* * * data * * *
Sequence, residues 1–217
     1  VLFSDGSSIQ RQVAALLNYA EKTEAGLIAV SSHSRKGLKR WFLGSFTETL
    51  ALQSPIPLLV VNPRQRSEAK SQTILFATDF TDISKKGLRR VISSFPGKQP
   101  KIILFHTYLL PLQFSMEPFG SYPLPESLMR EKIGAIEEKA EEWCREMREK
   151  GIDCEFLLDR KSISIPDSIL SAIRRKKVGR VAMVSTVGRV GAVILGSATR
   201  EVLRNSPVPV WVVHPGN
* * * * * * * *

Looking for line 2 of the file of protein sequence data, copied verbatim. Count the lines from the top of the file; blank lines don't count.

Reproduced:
     1  VLFSDGSSIQ RQVAALLNYA EKTEAGLIAV SSHSRKGLKR WFLGSFTETL